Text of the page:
Sin is one of those subjects that is tough to do justice to.
Most of the time, we err on the side of minimizing it. We treat it as little more than a personal dysfunction or a character flaw. Even in our strongest language, we tend to speak of sin in terms of brokenness, of separation, but shy away from the darker picture Scripture paints for us. “Instead of interpreting our present-day sin in the light of a divinely revealed standard,” wrote H.J. Whitney, “we reduce this standard to a pale reflection of our own man-made standards.”1
In effect, we treat sin as if it were a cold instead of a cancer.
Sin is alien, and intrusive. It is an invader in the created order, attacking, perverting, and twisting what is good into something other than it’s intended effect.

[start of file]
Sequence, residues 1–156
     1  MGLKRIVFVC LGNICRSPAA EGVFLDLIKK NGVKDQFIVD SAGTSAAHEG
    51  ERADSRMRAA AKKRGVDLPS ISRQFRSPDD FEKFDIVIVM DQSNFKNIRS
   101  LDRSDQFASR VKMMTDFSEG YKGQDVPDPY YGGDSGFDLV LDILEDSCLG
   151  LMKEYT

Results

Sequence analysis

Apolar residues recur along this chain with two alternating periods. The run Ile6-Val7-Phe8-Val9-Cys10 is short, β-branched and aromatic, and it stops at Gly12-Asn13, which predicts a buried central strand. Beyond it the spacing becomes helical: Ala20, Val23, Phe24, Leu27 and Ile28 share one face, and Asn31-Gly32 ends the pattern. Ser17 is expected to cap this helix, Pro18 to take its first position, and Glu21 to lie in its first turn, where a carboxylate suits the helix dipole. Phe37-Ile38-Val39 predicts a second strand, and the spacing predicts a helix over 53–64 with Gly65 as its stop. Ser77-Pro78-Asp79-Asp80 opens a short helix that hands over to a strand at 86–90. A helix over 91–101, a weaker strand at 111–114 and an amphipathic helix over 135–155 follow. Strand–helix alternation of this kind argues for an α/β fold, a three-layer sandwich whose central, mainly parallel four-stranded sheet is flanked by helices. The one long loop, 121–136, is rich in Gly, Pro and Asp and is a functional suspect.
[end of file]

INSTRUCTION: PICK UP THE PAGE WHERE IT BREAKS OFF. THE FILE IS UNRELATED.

It distorts image bearers of God into rebels lying to the world about their Creator. It perverts notions of biblical submission and service between men and women into strife and servitude. It disrupts and destroys everything it touches.
When we remember to see sin in this way, it also changes how we deal with it. It reminds us that sin isn’t something to be managed, it’s something to be destroyed. It’s not something we can will away by being more awesome, but something we defeat by surrendering to the Holy Spirit who is at work within us.
Cough medicine doesn’t kill sin. We need chemo.
Killing sin is hard work. It causes a lot of pain. And sometimes, it seems like it’s going to kill us in the end. But, fighting sin is a life-or-death situation. “Be always at it whilst you live; cease not a day from this work,” wrote John Owen, “be killing sin or it will be killing you.”
- As cited in Iain D. Campbell’s The Doctrine of Sin ↵